First walk in town. Triumphal procession down Main Street, between two rows of Jewish shopkeepers who salute me loudly, each from his own shop, with discreet knowing nods.

"It's nothing, lads, keep your chins up, God is good, it'll pass."

"For two thousand years ..." says Moritz Bercovici (manufacturing and footwear), trying to explain to me the cause of our persecution.

At the barber's, the owner himself takes the honor of cutting my hair and asks during the operation if I have any bruises, scars ... if you know what I mean, sir.

"No, I've no idea."

"Well, the fighting."

"What fighting?"

"The fighting at the university. Didn't you get beaten up?"


"Not at all?"

"Not at all."

The man is perplexed. He cuts my hair grudgingly, unenthusiastically.

* * *

A family evening. My cousin Viky has returned with her husband from their honeymoon. Seems she's pregnant. An uncle finds the matter amusing.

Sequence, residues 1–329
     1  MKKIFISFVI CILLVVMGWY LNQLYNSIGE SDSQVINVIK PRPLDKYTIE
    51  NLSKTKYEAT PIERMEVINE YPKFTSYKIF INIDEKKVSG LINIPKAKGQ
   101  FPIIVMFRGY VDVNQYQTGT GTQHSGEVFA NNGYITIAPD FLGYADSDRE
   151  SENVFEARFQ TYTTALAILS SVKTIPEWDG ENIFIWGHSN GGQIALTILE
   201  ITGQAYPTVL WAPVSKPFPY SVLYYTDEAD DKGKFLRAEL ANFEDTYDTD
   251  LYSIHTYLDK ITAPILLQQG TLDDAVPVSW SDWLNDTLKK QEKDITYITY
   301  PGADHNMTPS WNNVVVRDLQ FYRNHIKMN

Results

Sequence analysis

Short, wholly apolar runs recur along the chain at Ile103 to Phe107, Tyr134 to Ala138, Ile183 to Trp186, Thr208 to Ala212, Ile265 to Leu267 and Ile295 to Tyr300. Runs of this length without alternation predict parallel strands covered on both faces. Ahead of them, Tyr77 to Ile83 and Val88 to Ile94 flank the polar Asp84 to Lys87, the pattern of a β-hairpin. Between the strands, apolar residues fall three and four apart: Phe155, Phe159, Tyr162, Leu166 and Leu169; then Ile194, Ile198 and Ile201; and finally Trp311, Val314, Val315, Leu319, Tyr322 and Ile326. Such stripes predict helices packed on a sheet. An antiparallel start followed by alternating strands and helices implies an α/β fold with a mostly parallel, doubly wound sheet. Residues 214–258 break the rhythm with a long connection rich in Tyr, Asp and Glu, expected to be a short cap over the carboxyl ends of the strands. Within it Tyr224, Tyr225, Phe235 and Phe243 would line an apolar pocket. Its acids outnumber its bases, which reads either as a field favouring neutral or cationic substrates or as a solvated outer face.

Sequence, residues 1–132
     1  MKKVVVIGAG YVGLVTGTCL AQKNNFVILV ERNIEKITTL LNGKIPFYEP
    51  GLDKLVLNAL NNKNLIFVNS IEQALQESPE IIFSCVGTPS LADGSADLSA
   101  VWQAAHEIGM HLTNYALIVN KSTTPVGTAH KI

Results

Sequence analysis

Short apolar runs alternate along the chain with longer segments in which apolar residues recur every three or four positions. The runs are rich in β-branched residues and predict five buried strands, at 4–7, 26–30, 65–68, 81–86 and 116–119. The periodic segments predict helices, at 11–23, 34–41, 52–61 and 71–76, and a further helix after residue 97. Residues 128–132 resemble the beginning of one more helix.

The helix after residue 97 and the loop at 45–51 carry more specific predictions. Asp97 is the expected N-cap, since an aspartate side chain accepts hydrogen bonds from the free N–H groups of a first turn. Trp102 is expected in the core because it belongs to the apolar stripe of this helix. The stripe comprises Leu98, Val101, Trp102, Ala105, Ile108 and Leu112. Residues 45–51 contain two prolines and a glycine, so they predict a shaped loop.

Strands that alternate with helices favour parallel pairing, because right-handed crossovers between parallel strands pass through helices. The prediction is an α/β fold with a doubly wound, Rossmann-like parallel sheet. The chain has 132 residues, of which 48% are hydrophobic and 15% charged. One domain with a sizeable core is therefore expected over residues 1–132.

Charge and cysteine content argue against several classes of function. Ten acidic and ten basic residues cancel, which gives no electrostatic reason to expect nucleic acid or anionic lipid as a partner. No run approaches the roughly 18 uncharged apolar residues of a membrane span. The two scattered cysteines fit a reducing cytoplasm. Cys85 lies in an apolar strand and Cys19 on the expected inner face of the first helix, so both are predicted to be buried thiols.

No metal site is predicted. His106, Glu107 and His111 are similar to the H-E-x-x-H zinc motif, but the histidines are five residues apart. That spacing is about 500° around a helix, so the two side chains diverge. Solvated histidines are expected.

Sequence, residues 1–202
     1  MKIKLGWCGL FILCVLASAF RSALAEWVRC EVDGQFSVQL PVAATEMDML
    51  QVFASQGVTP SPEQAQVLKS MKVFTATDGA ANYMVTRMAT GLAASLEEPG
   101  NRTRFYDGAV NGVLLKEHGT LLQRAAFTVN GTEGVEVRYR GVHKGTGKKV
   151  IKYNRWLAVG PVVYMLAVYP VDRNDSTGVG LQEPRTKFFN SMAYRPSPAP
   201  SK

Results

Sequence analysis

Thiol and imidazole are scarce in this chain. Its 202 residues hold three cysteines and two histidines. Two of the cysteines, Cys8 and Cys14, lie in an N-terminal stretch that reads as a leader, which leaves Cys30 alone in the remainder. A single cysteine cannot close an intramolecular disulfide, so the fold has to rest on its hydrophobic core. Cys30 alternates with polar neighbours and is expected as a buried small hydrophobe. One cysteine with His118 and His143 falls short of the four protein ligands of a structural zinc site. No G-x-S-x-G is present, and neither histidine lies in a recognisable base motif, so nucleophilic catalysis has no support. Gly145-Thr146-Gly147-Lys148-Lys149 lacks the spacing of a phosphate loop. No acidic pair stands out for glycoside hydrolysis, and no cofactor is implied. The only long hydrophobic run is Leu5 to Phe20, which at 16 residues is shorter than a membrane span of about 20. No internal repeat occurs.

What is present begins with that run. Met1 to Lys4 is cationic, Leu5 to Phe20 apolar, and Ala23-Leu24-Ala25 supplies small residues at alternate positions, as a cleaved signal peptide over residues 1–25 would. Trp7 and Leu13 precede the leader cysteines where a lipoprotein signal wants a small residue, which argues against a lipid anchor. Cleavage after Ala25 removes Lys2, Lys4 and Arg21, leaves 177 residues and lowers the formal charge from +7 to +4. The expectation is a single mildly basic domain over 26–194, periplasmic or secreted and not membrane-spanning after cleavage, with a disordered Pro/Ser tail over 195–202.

"You've been hard at work, you two!"

Viky is embarrassed, her husband serious.

"Well, young fellow, there you go! You're done for now! Whether you like it or not, feel like it or not, you have to ... You know the story about the train?"

He tells the story about the train. Everybody laughs loudly In the corner, Mama looks at me, confused ...

I might have ended up like the rest of them, a fat married shopkeeper, playing poker on Sunday evening and talking dirty to newlyweds. You know the one about the train?

I sometimes ask myself, fearfully, if I have wholly succeeded in escaping them.

* * *

I asked Mama if we could stay at home. She works, I read. I look up from the book from time to time to see her, beautiful, calm, with the most peaceful forehead I know, with her eyes a little tired with age. Forty-three? Forty-four? I'm afraid to ask her.